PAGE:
1. Plan ahead

Try to get various tasks completed before the holiday rush. List all of your holiday chores. Listing things helps you get organized and helps your prioritize tasks. Check items off the list as you complete them to show your progress and give yourself a sense of accomplishment.

2. Social support

Support from other people is probably the most effective way to help manage stress. So, spend time with people that you like. Social support comes from various groups we interact with such as people at work, social functions, or religious services.

3. Reinstate the draft

We're in the military so this seems appropriate. By this I mean, delegate and get everyone to help.

4. Hide

Simple but very effective. When you need a little peace and quiet, slip away and find some. Go to a private place and take a few deep breaths to calm yourself down and regroup.

5. Rest

During the holidays, many people tend to stay up later in an effort to get more done. Try not to fall into this trap. When we feel stressed, our bodies use more energy, thereby making us tired. Listen to what your body is telling you and make sure you get a good night's sleep.

6. Eat well

As mentioned, at stressful times your body uses more energy than normal. That means it is important to eat and eat well to keep up those energy levels. It is important to make smart food choices to try to help balance all of the high calorie-high fat food that is around during the holidays.

7. Exercise

There is a lot of research that shows that people who exercise on a regular basis lead healthy, happier, less stressful lives. This doesn't mean you need to be at the gym thee hours per day, everyday. But something as simple as taking a 20-minute walk at some point during your day is a great "stress-buster."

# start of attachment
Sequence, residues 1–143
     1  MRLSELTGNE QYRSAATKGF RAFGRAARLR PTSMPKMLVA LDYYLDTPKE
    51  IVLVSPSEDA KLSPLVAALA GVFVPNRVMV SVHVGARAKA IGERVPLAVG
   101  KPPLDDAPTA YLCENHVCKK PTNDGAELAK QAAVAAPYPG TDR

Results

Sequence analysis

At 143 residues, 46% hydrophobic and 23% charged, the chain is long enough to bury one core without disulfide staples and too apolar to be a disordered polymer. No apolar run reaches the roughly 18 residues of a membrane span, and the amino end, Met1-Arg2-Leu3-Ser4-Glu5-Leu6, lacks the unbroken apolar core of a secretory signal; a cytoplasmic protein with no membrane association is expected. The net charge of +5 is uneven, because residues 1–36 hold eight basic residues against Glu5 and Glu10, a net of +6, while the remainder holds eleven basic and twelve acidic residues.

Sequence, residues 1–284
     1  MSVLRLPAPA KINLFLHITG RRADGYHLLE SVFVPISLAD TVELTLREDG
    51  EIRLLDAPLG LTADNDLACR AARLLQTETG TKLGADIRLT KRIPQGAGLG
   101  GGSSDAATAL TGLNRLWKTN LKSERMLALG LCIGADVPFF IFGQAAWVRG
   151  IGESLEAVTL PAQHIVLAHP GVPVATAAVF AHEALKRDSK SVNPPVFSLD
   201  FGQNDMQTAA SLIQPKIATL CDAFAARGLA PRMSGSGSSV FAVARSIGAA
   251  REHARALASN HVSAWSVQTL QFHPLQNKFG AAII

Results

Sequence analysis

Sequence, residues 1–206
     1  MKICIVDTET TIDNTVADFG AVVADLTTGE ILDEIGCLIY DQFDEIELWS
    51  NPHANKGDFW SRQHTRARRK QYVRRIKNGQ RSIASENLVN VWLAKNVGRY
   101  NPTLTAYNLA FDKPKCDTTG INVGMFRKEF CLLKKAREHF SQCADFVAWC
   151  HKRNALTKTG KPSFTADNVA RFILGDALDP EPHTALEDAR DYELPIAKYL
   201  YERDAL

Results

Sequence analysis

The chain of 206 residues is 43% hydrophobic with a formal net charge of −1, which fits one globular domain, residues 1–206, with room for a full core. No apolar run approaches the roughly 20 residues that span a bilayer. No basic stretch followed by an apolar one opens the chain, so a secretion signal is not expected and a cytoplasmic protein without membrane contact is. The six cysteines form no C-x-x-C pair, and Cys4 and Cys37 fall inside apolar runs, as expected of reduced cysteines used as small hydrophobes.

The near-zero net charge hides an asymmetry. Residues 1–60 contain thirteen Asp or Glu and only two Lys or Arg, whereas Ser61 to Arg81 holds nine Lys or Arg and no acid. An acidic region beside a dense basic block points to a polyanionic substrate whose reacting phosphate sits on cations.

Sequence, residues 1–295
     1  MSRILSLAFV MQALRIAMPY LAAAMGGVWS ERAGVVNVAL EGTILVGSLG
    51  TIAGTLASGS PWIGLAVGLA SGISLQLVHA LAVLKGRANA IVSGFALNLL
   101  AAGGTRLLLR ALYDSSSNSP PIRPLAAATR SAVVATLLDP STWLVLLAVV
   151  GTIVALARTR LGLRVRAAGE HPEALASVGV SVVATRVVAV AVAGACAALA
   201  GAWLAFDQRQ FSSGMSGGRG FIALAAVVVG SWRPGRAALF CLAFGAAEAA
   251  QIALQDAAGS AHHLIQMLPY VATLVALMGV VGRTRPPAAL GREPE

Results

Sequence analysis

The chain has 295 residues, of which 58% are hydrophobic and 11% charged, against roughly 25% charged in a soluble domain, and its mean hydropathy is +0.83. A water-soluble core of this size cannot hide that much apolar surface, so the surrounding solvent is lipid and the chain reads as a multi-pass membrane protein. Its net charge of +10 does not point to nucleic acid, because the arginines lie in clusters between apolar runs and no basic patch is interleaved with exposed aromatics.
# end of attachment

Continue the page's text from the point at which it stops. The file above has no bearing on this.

8. Adjust expectations

Keep your expectations manageable. Try setting realistic goals. And don't put your entire focus on one single day. Let these feelings and activities be spread out and it will help lessen stress.

9. Don't Take It Personally (DTIP)

What in the world do I mean by that? Well, the next time you are in a holiday traffic jam, stuck in a slow check out line, or trying to do some shopping and people are pushing your buttons, remember "DTIP," and don't take it personally. The check out line is not there to drive you crazy and the stop light is not part of a master plan to ruin your day. It is important to not get upset about what is beyond our control. Take a deep breath and let it pass.

10. Moderation

Give yourself permission to have some of the foods you like, but try to avoid really loading up your plate. The same goes for drinking as this too should be done in moderation. It can be tough during this time of year, but using moderation in eating, drinking, and spending can help you avoid a belt, head, or wallet hangover.

So there are your 10 tips. One thing to keep in mind as the holiday season barrels forward is that "this too shall pass." No matter how it may feel at times, December really does have only 31 days. If things get rough, try to look forward to something in January ... like December being over.